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May 20
2014

Review: The Walking Dead Season 2, Episode 3: In Harm’s Way

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Since you’re feeling comfortable and relaxed, it must mean it’s time again for another episode of Telltale Games’ The Walking Dead to freak you out all over again! Season Two has been focusing more on the living threats than the dead (or undead) ones, and Episode Three: In Harm’s Way, takes it to the logical extreme it’s been building to so far. Read on for my full thoughts (spoiler-free, of course!)

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May 17
2014

Smash Saturdays: May 12th-16th

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Hey there gaymers! DJ here with another entry in Smash Saturdays covering all the Miiverse updates for the week. This weeks batch of screenshots was pretty good and had some great pieces of information in them. I won’t belabor you with a long introduction so let’s jump right in.

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May 16
2014

Wootini’s Weekly Animal Crossing Diary

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Dear Diary,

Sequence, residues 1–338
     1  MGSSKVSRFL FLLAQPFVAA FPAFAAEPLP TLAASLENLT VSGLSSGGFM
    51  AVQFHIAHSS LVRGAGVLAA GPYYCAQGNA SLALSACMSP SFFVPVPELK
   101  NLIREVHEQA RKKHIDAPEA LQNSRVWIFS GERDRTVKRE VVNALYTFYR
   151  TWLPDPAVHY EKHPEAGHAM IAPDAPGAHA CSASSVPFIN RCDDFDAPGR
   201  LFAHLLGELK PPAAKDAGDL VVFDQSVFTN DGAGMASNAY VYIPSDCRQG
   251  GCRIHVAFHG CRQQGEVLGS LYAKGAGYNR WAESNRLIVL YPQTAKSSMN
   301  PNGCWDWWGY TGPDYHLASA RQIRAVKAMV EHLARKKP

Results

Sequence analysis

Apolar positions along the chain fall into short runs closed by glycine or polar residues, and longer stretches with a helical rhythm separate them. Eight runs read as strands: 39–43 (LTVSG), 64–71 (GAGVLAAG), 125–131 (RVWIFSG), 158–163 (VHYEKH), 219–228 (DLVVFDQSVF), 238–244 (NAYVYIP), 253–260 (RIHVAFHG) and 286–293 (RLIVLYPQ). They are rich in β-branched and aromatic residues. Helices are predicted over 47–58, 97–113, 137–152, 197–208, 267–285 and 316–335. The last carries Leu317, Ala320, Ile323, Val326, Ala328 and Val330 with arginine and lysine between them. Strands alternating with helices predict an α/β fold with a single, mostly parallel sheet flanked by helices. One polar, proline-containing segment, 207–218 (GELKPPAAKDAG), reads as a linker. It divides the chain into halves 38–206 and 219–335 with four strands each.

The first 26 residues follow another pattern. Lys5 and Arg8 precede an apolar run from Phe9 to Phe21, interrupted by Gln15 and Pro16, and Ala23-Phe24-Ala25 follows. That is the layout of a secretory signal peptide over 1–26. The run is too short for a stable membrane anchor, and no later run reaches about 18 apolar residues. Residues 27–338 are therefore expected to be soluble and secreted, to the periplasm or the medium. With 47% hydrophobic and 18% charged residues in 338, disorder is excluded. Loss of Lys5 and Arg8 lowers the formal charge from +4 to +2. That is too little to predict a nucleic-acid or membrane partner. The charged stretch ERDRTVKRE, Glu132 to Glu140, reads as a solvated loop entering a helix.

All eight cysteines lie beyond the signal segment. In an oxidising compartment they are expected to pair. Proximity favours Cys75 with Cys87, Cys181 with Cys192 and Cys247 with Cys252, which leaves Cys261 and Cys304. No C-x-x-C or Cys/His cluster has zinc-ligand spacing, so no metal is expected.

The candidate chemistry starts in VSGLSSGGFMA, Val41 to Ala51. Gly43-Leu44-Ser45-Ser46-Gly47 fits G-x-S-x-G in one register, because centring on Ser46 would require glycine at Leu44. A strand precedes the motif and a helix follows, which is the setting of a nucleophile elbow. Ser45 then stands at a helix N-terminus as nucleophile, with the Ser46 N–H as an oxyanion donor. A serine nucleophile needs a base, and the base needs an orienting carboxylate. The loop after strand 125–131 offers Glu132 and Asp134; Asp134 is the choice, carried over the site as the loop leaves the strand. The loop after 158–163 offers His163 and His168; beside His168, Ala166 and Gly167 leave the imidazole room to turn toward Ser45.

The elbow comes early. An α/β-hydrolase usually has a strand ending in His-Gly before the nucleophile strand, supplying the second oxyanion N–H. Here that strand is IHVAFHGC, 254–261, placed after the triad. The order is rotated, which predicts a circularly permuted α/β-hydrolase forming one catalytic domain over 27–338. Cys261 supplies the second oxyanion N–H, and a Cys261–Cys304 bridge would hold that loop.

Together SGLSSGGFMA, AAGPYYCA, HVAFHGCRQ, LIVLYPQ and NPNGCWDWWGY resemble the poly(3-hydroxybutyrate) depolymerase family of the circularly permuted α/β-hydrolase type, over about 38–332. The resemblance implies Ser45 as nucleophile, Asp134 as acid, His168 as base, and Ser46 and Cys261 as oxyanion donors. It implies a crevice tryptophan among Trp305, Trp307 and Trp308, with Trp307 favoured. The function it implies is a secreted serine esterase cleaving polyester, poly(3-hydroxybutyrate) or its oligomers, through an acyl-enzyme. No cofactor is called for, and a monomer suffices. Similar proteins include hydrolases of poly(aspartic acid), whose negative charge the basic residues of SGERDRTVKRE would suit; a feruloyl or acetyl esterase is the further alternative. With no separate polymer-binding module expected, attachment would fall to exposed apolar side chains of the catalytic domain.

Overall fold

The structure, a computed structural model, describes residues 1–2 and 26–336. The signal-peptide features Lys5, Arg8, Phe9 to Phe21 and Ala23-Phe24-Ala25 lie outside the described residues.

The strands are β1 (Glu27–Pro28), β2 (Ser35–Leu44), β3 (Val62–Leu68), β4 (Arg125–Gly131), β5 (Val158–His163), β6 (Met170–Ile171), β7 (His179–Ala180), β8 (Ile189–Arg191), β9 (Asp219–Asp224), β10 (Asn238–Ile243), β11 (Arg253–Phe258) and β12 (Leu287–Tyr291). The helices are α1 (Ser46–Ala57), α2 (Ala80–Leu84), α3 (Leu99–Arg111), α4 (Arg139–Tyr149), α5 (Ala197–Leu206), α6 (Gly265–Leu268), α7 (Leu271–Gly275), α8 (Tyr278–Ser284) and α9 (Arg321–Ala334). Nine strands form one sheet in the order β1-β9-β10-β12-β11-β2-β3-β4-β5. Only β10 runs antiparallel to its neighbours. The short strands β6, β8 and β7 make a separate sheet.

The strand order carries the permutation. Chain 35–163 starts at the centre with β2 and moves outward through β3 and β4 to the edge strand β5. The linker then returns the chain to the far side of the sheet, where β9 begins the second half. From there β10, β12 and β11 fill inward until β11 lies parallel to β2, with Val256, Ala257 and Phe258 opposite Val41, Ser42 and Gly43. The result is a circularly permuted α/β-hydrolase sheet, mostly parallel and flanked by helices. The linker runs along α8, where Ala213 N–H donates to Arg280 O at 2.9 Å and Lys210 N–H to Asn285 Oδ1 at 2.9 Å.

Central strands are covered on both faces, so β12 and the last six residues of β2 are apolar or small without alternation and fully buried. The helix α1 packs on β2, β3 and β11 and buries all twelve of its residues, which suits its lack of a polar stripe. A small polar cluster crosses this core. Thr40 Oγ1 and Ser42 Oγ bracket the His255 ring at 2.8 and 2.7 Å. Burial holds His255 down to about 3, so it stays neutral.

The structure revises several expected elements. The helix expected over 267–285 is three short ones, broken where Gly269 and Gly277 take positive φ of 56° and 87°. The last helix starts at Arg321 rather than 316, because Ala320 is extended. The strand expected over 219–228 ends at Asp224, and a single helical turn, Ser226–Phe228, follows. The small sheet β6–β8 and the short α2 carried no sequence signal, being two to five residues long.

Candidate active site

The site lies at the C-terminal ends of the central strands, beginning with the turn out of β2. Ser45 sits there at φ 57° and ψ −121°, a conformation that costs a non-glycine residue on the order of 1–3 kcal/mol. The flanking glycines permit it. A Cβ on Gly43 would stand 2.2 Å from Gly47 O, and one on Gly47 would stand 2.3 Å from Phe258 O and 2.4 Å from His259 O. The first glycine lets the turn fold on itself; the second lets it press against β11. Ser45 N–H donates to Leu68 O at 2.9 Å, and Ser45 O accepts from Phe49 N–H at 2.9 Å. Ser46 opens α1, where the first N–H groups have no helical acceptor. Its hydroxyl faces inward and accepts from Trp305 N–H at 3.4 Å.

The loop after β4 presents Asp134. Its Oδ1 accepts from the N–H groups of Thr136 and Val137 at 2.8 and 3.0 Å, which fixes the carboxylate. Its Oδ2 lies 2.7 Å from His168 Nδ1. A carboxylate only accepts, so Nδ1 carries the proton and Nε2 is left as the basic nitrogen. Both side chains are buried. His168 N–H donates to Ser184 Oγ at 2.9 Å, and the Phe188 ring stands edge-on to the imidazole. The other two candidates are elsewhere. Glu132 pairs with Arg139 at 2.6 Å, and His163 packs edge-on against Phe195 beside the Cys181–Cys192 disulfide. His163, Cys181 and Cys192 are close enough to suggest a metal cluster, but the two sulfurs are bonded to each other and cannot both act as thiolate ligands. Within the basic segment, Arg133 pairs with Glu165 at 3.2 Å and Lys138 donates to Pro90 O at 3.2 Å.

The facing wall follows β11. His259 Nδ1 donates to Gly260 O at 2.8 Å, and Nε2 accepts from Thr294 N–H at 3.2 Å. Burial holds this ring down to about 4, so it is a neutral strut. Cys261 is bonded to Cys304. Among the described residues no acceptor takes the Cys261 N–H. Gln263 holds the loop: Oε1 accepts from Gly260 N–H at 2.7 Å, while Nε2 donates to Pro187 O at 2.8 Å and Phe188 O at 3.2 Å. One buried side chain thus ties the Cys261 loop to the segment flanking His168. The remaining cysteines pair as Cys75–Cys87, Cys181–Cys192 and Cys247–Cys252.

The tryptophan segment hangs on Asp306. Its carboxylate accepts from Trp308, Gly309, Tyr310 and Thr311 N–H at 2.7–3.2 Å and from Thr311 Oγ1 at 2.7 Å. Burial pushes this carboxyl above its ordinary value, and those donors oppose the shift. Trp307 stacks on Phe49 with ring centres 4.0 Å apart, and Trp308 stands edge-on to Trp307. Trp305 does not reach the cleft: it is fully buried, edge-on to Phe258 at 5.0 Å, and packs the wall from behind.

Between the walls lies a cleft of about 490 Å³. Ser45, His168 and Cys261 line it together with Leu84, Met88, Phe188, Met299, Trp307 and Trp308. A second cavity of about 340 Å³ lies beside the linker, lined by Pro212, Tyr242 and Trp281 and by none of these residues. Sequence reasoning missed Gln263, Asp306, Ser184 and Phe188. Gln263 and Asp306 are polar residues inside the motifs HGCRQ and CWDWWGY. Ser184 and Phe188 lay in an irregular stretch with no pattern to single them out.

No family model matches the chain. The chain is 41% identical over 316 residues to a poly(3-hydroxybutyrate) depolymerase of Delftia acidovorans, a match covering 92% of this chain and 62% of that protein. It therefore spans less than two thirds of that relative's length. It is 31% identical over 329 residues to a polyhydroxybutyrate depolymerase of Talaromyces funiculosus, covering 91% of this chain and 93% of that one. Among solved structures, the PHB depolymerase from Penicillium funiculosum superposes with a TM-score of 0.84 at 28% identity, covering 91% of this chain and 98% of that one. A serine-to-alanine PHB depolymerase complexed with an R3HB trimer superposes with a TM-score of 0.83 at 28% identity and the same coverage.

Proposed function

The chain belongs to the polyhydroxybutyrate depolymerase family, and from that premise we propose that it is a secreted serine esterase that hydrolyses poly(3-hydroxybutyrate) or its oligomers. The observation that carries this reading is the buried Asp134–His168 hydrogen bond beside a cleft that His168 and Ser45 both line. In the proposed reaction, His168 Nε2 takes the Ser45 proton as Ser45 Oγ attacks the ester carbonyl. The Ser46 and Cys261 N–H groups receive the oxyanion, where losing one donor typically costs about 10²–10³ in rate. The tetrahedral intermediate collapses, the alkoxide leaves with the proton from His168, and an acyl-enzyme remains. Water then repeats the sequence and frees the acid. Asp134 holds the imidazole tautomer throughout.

This was a good week. I remembered to check out the Reset Surveillance Center after it rained twice this week, I kept a friend from moving away, and I got a new treasure for the museum. Also, I’ve been keeping an eye on the round topiary that I’m trying to build. As you might recall from last week, I’m not donating any of my own hard-earned bells to the project, and seeing how much my townsfolk will contribute. I’ve been checking the totals every day, and it seems that they’ll donate around 1,760 bells. Although every couple of days the donation increases by a couple bells, so by the end of the week, the last couple contributions were 1,768. At this rate, it’ll take forever to finish, but I’m curious because when I left one bell on the last town project, nobody donated it, so I would like to see if the townsfolk will fund a project on their own without my help. I’m not optimistic, but we’ll see what happens. Come back in a month and find out! But until then, there’s all kinds of stuff to see, so read on!

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May 15
2014

Russia Rates Sims 4 Adults-Only Due To Same-Sex Relationships